Weekly Round-Up: 2 July 2021

In this week’s Public Administration and Constitutional Affairs Committee session, we heard from a number of political parties, large and small, about reform necessary within the Electoral Commission. This is an important subject as without a well-governed electoral process, we undermine Parliament and the work that we do. We heard about politically-nominated board members on the Electoral Commission and whether they should remain party members or whether they should be impartial. They were introduced because it was felt that the Commission should have members with experience in politics and it was suggested that the Commission should make better use of political appointments.  However, it’s clear that there is some disagreement between the party representatives on the value of politically-nominated appointments.  Whatever the appointment system, there should be a broad range of political views represented.

I was pleased to meet with Councillor Tom Renhard, the Bristol Council Member for Housing Delivery and Homes, to discuss housing in Bristol South this week. The Council is by far the largest landlord in the constituency with over 9000 residential properties and more than a fifth of the Bristol South constituency as tenants. Housing is by far the most common reason for constituents to reach out to my office for support and there are many challenges to work on in the coming months and years. Among them are new housing developments, the delayed review of Homechoice, potential housing stock replacement, and outstanding repairs which have been delayed by the Covid pandemic. We had a very fruitful discussion and I await updates on a number of issues, including an important recovery plan to address the outstanding repairs and complaints that have been raised by tenants during the pandemic. Everyone should have a safe and comfortable home and it is important that the Council ensures that its provision is of a high standard and sufficient to meet the demand.

Even before the pandemic, the job market was a challenging place for young people starting out in their careers after education. The Chancellor’s Kickstart scheme was heralded as the answer to youth unemployment, but it is simply too slow and does not match the scale of challenge many young people in the UK face. Since the start of the pandemic there has been a large increase in unemployment and a large fall in employment for young people aged 16-24, nearly two-thirds of all workers who lost their job during the pandemic were aged under 25, and the number of people aged 16-64 claiming unemployment related benefits has doubled in a year, all of which much be incredibly dispiriting and upsetting for young people. The Government aims to have created at least 250,000 Kickstart placements by the end of the year. However, on the 3rd June, only 31,000 young people had started placements. At this rate, they would not reach their target until Sep 2026. Education and getting our young people into good work placements or apprenticeships are vital for our short-term recovery and long-term prosperity.  The Government simply must do more to ensure this generation are not left behind.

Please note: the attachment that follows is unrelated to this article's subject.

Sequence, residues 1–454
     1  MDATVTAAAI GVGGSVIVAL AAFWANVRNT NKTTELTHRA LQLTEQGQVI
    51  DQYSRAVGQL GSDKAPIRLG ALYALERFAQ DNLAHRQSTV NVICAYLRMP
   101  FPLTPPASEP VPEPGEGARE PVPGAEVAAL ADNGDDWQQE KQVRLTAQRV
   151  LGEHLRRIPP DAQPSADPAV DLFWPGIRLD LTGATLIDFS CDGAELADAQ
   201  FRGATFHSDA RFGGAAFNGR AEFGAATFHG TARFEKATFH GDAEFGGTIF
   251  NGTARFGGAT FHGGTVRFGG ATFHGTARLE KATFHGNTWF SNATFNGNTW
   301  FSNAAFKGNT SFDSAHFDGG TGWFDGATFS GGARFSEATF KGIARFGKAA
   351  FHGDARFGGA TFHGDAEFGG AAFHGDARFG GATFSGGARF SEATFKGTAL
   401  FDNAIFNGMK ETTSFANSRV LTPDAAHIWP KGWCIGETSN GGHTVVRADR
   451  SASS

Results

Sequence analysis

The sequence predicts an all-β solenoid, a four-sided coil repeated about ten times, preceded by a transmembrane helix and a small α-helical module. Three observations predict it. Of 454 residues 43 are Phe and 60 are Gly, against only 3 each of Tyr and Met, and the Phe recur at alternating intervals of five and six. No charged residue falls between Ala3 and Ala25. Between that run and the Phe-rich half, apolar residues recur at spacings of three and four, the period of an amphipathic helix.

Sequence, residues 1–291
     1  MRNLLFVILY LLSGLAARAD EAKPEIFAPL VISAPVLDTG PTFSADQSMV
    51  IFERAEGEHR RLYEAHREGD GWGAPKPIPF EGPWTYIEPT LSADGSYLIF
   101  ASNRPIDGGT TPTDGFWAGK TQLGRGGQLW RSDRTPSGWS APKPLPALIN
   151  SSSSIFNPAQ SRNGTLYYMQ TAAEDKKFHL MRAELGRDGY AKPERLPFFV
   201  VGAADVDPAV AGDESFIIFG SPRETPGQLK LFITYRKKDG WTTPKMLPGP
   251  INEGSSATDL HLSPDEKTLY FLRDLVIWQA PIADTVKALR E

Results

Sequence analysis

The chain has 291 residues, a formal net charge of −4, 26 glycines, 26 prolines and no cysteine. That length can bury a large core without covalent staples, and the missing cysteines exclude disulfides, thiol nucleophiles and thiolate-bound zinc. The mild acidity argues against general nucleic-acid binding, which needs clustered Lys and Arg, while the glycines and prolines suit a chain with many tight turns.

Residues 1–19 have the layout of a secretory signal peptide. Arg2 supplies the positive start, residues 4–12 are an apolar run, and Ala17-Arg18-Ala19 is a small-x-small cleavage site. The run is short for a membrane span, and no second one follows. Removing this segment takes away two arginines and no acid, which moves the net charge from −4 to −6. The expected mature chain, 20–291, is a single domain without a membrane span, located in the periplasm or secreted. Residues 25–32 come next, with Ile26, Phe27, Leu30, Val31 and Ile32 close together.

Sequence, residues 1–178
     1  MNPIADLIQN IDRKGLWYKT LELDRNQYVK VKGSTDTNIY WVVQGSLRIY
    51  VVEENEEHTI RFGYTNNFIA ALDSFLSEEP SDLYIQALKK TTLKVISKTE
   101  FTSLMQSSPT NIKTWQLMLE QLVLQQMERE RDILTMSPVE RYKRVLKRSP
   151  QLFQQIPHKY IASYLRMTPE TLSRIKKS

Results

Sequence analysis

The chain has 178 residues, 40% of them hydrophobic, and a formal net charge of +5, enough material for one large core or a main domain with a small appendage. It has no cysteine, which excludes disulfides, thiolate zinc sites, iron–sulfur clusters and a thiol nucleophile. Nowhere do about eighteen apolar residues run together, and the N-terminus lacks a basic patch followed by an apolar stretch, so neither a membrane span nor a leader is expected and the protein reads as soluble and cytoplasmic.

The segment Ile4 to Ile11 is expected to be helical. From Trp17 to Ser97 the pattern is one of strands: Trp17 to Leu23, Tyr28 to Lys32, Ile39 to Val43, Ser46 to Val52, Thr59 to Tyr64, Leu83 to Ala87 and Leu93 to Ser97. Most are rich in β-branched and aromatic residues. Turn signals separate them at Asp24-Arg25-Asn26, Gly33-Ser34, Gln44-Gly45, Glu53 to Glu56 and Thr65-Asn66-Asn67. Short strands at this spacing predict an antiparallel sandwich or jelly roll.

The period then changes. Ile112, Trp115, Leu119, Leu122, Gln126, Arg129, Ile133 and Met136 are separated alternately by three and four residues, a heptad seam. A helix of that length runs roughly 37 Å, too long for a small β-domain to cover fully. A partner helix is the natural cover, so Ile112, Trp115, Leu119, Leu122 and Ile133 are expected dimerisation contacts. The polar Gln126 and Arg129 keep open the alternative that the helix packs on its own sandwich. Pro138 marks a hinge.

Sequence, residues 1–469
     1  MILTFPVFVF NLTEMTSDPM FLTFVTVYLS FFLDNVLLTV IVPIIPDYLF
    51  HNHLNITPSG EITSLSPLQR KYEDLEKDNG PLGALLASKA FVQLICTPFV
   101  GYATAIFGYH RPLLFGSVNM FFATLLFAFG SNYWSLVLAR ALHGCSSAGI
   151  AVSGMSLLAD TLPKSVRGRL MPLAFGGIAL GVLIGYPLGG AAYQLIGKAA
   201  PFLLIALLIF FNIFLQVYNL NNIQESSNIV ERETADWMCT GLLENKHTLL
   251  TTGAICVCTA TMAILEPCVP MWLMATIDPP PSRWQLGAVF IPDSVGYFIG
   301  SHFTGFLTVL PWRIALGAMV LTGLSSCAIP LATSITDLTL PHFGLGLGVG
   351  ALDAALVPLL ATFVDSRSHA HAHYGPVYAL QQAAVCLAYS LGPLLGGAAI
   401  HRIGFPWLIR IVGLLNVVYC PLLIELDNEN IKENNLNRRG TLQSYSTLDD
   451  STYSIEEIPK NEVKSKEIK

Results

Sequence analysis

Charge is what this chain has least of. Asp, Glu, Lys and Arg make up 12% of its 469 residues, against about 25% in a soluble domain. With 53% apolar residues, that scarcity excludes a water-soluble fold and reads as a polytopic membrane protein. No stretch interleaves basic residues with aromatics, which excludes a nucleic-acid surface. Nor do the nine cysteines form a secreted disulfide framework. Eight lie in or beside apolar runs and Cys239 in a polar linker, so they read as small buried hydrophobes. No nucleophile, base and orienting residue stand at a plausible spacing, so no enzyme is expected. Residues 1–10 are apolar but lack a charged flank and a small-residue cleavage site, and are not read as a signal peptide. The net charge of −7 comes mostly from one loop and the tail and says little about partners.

I am growing ever more concerned about the Government’s short-sighted attacks on our support for international development. As the only G7 nation to cut aid, breaking a manifesto commitment to support the world’s poorest and most vulnerable people, this Tory Government are retreating from our moral duty and people will lose their lives as a result. Our allies and detractors are already taking note and this will further weaken the UK’s position ahead of the G7, an education summit and COP26 – all of which we are hosting later this year. The aid budget should be used to tackle the global challenges facing us all; the pandemic, climate crisis, and rising poverty and inequality. We will not be safe from Covid or the next pandemic if vaccines are reserved for the richest countries. We will not be safe from climate change if we do not support the poorest countries to make the changes that will support our work on protecting the environment. We will not be safe from international terrorism, from instability that is never isolated in one region, from piracy around the world if we do not support the poorest people across the world to redress the imbalance and support development. It is becoming increasingly clear that “Global Britain” is nothing more than an empty slogan.

It was brilliant to see Kim Leadbeater elected as Labour’s newest MP in Batley and Spen this week.  Her amazing campaign reached out across the constituency, rejecting the politics of hate and division and bringing people together.  I’m looking forward to seeing her in Parliament!

There are opportunities within my office, both in London and in Bristol South. I am looking for a Personal Assistant with excellent communication skills and experience of managing a complex diary to support my work in Westminster and a part-time Caseworker to join my constituency team in Bristol South. Closing date for applications is 5 July with a view to starting in the middle of August.

If there are issues you want to raise with me as your local MP, please get in touch by emailing Karin.smyth.mp@parliament.uk or by calling 0117 953 3575.